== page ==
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NIR-Driven Moist Upper Atmospheres of Synchronously Rotating Temperate Terrestrial Exoplanets
H2O is a key molecule in characterizing atmospheres of temperate terrestrial planets, and observations of transmission spectra are expected to play a primary role in detecting its signatures in the near future.
Detectability of H2O absorption features in transmission spectra depends on the abundance of water vapor in the upper part of the atmosphere.
While the stratospheric water vapor mixing ratio of the Earth is less than 10−5 due to the cold trap, the efficiency of the cold trap depends on atmospheric properties. Here we study the 3D distribution of atmospheric H2O for synchronously rotating Earth-sized aquaplanets using the GCM ROCKE-3D, and examine the effects of total incident flux and stellar spectral type. We observe a more gentle increase of the water vapor mixing ratio in response to increased incident flux than 1D models suggest, in qualitative agreement with the climate-stabilizing effect of clouds around the substellar point previously observed in GCMs applied to synchronously rotating planets.
However, the water vapor mixing ratio in the upper atmosphere starts to increase while the surface temperature is still moderate. This is explained by the circulation in the upper atmosphere driven by the radiative heating due to absorption by water vapor and cloud particles, causing efficient vertical transport of water vapor. Consistently, the water vapor mixing ratio is found to be well correlated with the near-infrared portion of the incident flux. Our results imply that various levels of water vapor mixing ratio in the upper atmosphere may be expected for synchronously rotating temperate terrestrial planets, and that for the more highly irradiated ones the H2O absorption features in the transmission spectra are strengthened by a factor of a few, loosening the observational demands for a direct H2O detection. (abridged)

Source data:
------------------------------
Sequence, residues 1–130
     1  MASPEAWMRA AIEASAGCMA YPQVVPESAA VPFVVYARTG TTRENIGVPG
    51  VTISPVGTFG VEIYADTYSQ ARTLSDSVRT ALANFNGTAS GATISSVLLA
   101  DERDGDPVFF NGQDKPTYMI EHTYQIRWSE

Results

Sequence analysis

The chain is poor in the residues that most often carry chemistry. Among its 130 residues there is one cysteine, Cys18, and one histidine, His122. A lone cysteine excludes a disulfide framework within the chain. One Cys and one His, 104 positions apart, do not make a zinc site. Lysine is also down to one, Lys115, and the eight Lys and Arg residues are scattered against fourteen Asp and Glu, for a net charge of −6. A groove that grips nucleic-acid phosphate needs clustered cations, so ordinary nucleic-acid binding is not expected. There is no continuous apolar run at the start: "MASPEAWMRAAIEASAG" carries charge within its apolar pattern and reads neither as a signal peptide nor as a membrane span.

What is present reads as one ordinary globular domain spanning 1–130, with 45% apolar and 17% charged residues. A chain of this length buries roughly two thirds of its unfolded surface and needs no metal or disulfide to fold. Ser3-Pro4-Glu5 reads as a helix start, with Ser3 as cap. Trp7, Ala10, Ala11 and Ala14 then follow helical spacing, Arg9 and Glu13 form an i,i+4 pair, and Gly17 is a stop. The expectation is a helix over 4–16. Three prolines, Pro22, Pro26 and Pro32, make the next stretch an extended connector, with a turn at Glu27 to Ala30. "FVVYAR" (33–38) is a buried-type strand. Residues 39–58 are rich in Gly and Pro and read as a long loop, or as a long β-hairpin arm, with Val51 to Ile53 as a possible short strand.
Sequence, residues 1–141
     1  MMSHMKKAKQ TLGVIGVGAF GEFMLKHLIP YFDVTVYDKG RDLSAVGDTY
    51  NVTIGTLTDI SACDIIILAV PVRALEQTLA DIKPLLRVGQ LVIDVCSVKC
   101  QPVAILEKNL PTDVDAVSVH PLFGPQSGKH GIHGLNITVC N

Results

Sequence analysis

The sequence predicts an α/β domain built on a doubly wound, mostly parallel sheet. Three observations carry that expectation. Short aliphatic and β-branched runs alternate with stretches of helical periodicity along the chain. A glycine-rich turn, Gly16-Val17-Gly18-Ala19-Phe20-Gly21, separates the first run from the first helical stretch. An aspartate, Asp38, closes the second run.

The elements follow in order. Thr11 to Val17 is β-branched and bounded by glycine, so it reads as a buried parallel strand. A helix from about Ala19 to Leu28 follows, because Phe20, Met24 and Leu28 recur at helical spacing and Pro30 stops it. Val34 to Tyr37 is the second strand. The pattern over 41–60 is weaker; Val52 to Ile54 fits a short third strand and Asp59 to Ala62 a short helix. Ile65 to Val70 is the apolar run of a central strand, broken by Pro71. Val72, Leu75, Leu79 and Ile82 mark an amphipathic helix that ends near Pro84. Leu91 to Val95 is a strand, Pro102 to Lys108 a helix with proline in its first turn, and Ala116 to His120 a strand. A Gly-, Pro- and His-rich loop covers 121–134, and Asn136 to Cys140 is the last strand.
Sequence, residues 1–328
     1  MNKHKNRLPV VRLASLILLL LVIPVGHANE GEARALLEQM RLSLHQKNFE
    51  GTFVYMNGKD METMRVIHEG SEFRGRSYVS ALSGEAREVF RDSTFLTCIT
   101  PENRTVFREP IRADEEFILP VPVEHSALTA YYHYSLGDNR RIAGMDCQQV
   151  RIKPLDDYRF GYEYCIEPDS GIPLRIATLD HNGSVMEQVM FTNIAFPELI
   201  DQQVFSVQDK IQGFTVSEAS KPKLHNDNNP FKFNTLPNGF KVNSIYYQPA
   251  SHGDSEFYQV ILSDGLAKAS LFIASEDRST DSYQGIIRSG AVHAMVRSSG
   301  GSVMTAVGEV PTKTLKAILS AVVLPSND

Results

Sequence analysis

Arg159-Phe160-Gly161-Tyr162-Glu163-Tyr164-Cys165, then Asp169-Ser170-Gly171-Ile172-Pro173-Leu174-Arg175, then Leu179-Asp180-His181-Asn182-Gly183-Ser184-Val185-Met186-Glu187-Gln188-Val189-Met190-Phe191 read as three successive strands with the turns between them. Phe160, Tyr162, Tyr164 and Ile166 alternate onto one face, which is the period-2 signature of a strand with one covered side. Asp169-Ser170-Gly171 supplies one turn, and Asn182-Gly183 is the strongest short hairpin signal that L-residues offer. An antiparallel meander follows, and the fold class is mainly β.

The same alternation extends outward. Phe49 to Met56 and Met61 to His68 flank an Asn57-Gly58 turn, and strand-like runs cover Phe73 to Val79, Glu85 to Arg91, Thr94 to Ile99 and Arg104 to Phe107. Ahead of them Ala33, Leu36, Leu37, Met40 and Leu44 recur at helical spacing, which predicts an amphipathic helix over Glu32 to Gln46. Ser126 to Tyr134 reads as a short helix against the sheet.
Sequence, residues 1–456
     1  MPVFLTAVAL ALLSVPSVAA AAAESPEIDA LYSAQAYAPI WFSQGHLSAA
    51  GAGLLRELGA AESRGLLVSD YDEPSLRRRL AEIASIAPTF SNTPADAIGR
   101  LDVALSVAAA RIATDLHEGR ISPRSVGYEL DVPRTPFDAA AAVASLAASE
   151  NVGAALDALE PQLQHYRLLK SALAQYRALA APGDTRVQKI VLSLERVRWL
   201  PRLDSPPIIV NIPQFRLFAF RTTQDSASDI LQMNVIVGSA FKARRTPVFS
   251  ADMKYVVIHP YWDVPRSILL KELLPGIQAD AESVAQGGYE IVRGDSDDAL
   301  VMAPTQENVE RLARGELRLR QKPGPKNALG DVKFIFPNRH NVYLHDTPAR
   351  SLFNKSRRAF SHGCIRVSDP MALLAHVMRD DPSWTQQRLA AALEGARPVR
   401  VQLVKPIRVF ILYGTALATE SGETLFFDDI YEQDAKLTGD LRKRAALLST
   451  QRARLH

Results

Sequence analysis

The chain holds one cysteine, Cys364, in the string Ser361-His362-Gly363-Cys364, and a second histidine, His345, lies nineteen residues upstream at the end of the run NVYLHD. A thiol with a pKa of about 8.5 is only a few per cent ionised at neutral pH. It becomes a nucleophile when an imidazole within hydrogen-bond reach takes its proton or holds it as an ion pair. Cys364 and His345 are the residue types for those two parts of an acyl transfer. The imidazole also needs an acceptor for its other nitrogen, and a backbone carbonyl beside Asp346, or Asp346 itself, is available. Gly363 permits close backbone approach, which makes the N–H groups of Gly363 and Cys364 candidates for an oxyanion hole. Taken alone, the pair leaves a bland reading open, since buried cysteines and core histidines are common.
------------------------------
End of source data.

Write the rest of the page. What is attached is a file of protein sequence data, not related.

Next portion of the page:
Yuka Fujii, Anthony D. Del Genio, David S. Amundsen
(Submitted on 19 Apr 2017)
Comments: under review
Subjects: Earth and Planetary Astrophysics (astro-ph.EP)
Cite as: arXiv:1704.05878 [astro-ph.EP] (or arXiv:1704.05878v1 [astro-ph.EP] for this version)
From: Yuka Fujii
[v1] Wed, 19 Apr 2017 18:17:42 GMT (780kb,D)